What is the role, if any, of the captive insurance regulator? Captive legislation is not consistent when it comes to reinsurance pools. A review of the legislation of 14 of the most active captive domiciles reveals that 8 of them have no provision in their statutes to monitor or limit the activities of reinsurance pools (other than actual reinsurance companies licensed in their own domicile). The other 6 have specific language as follows:

The Commissioner may require any other documents, financial information, or other evidence that the pool, exchange or association will be able to provide adequate security for its financial obligations. The Commissioner may deny authorization or impose any limitations on the activities of a reinsurance pool, exchange, or association that, in the Commissioner's judgment, is necessary and proper to provide adequate security for the ceding captive insurer or segregated account and for the protection and consequent benefit of the public at large.

The domiciles break down as follows:

Specific language: Vermont, Missouri, District of Columbia, Kentucky, Montana and Tennessee.

No language: Delaware, Utah, South Carolina, Nevada, Arizona, Hawaii, Alabama and New Jersey.

It is interesting that the majority of small captives that use these reinsurance pools are domiciled in the 8 states that give the regulator no direct statutory authority to address the security of retained client funds. Of course, the regulators do have broad authority to question the overall efficacy of a captive's business plan. This review arguably could address concerns about the security of the captive's funds in the hands of third parties, particularly in the early years of a captive's life. But do they?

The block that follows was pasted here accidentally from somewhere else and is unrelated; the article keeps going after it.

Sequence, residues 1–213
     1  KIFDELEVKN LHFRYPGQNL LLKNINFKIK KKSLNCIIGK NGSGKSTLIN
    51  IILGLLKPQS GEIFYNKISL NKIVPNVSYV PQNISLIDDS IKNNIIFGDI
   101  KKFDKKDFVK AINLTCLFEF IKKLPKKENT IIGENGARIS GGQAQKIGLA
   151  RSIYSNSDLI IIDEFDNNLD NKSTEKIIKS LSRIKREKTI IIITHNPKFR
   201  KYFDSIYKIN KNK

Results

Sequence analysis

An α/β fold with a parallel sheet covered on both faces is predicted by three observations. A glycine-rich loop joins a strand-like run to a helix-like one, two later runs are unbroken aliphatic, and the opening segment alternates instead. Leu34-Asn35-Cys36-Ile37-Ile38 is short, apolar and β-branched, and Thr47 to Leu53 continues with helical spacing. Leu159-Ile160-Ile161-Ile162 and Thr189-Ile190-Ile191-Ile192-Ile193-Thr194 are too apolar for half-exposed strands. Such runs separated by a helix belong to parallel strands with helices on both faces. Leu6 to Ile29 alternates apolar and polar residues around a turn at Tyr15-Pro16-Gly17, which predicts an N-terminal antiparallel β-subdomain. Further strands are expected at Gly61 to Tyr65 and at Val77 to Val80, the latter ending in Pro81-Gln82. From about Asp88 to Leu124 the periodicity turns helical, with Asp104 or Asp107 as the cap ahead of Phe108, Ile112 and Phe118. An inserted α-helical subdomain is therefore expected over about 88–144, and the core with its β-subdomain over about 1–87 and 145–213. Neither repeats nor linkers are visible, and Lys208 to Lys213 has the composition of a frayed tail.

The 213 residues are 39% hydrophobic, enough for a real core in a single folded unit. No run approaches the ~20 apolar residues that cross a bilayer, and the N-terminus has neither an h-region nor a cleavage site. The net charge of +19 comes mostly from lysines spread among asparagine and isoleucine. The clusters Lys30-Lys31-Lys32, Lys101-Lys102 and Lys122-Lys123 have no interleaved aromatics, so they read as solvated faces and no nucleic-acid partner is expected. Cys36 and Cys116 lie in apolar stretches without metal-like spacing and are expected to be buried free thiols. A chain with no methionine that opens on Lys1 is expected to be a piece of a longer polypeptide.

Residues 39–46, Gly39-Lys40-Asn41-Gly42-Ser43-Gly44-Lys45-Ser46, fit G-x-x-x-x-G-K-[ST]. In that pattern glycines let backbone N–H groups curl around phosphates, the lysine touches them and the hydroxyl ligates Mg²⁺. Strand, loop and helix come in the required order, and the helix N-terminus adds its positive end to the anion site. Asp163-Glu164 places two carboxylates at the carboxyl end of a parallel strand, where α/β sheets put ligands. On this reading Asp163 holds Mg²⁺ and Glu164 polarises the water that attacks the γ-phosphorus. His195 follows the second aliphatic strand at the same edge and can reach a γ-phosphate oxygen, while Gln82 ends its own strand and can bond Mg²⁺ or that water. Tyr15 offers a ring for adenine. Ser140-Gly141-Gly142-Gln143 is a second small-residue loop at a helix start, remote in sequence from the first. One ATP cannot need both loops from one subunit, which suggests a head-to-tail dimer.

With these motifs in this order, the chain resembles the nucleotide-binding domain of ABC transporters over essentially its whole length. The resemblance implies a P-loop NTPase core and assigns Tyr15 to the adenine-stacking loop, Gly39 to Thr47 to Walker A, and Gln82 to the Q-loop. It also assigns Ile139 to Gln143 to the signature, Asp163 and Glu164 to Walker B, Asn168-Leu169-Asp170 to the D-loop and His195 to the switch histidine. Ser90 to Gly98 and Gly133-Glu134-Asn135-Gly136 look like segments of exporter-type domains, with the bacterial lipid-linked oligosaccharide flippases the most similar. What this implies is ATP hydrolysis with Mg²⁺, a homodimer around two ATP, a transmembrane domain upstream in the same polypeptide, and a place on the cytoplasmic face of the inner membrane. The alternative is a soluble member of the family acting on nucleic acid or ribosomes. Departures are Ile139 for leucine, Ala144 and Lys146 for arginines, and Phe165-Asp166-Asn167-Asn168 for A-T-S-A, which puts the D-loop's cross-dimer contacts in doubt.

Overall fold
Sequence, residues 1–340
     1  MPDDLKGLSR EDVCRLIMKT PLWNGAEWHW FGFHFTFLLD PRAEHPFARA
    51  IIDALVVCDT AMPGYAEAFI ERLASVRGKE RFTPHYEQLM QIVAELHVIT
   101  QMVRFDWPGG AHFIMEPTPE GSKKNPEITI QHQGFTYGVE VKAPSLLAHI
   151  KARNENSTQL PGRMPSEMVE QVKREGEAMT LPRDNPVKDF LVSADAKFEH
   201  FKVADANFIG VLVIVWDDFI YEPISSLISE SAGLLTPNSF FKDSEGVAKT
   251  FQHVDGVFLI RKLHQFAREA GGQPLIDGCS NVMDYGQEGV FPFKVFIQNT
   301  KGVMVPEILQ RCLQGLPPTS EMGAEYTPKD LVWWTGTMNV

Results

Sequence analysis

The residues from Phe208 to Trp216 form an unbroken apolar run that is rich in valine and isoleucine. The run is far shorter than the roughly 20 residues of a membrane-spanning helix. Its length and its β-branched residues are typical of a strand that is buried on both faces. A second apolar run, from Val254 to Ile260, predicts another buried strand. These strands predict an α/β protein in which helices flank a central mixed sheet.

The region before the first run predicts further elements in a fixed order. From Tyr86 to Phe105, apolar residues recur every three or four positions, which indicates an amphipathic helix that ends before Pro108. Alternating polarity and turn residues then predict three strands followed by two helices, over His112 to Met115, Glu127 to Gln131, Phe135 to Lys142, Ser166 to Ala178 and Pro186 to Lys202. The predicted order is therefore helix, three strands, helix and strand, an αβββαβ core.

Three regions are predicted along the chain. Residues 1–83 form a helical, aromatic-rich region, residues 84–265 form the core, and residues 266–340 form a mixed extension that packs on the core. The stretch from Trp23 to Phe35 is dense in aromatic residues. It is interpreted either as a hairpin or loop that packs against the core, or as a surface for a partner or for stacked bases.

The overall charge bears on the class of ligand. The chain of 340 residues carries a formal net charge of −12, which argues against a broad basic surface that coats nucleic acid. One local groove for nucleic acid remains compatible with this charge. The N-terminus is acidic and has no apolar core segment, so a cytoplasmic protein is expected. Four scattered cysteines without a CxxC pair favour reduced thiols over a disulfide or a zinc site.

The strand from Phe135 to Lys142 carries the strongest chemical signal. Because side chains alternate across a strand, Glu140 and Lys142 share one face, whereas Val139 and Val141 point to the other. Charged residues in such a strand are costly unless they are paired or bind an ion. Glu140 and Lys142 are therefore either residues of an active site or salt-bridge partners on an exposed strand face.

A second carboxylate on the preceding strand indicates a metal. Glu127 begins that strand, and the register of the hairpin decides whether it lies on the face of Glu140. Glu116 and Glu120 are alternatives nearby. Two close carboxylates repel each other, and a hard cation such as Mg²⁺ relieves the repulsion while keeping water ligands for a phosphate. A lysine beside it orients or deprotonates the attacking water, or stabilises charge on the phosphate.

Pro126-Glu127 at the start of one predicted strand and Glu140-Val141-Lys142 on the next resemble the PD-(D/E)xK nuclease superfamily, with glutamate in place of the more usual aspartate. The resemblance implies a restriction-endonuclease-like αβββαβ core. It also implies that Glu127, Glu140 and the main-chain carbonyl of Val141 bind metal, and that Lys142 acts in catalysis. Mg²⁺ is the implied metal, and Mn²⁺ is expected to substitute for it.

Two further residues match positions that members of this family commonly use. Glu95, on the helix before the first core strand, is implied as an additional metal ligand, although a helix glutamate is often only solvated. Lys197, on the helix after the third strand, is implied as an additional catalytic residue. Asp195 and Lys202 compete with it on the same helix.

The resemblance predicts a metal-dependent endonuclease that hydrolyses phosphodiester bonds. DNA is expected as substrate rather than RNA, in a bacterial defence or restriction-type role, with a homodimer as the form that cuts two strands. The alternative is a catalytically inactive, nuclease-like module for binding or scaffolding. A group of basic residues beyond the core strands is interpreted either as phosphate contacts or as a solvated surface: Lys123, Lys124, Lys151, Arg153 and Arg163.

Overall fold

This author polled a number (but not all) of the regulators in these 14 states and got few responses from the 8 states without the specific language referenced above. Those few responses indicated that their view is that the relationship between the captive and the fronting company or reinsurer was a matter of private contract not subject to their regulation (other than determining that the reinsurance itself was real and met industry standards).

As the number of captives, captive managers and risk distribution pools continues to grow rapidly, the opportunity for a scandal in the captive industry also grows. The industry would not fare well if such a scandal made the front page of the Wall Street Journal. Captive owners should be aware of this risk and take action accordingly. And captive regulators should become more alert to possible abuses in this area and take action consistent with the powers available to them under their respective statutes.